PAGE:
Part of the same Landmark series where we caught For Sama – this one was much less bloody and despairing. Beekeeper has enough to deal with, uneven harvests and pricing and sales, an ailing mother, before a swarm of neighbors arrives one season and ruins everything. The movie only gets better the more you read about its making, though I can’t find the article that said the nomad family threw stones at the camera crew for the first few weeks. Nominated for two oscars tonight – I don’t know its chances, just hope Hatidze was flown in from Macedonia and given one of those $215k gift bags.
See, when I stay consistently five weeks behind on the blog, I lose all the details, and can only say that we watched the doc where the Chinese company reopens a closed American factory, and their different cultures and approaches to work and management and safety cause many funny and poignant moments, which is the same thing I would’ve said from the trailer or plot description. But truly, we watched this, and it was good. We were surprised that the Fuyao CEO allowed the film crew access to his visits and conversations, and to visit the Chinese factory. Reichert has been making docs for fifty years, Bognar for thirty, and now they’re oscar-nominated for filming the reopening of the same factory they were oscar-nominated for filming shutting down in late 2008.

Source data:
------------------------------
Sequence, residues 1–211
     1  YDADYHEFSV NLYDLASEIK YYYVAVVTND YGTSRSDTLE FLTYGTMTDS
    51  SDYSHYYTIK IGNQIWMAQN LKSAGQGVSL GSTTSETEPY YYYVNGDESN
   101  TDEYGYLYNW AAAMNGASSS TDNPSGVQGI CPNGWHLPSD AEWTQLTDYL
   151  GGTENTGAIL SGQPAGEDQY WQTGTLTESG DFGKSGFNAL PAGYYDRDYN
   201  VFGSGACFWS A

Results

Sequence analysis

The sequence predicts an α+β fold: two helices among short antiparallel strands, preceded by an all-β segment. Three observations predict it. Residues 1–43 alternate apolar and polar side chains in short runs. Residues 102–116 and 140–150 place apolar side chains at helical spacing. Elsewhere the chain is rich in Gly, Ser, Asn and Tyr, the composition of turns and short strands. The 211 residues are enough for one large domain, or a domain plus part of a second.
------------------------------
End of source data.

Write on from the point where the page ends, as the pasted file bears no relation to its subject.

The award-candidate docs returned to the Landmark, and we caught up with this and Honeyland, and watched American Factory at home – and all three got oscar nominations a week later. I was in a terrible mood after watching the reporter/activist filmmaker and her doctor husband try to raise a baby and run a hospital in an Aleppo warzone while losing all their friends and neighbors to bombings, and so didn’t properly appreciate the playful carnage of John Wick 3 when watching it some hours later.
Rounding up some of the foremost comics and filmmakers, P-Bog opens with the greatest authority on film history – himself, of course. It’s extremely easy to find people with nice things to say about Buster Keaton, and to fill the rest of a 100 minute documentary with highlight clips from Keaton’s terrific films, and P-Bog does exactly that. In fact, the whole thing begins to feel like an advertisement for Buster and his great features – and it is, produced by Cohen Media Group, who is currently releasing the Keaton films on blu-ray, and also happens to own the Landmark theater where this doc played. But even if P-Bog doesn’t turn in something on the level of his epic Tom Petty doc, this was a fun way to revisit some Keaton. He peppers the “sad later years” section with highlights from Keaton’s forgotten advertisements and cameos, and puts this section in the middle of the film, so he can start strong with the shorts, and end strong with the features.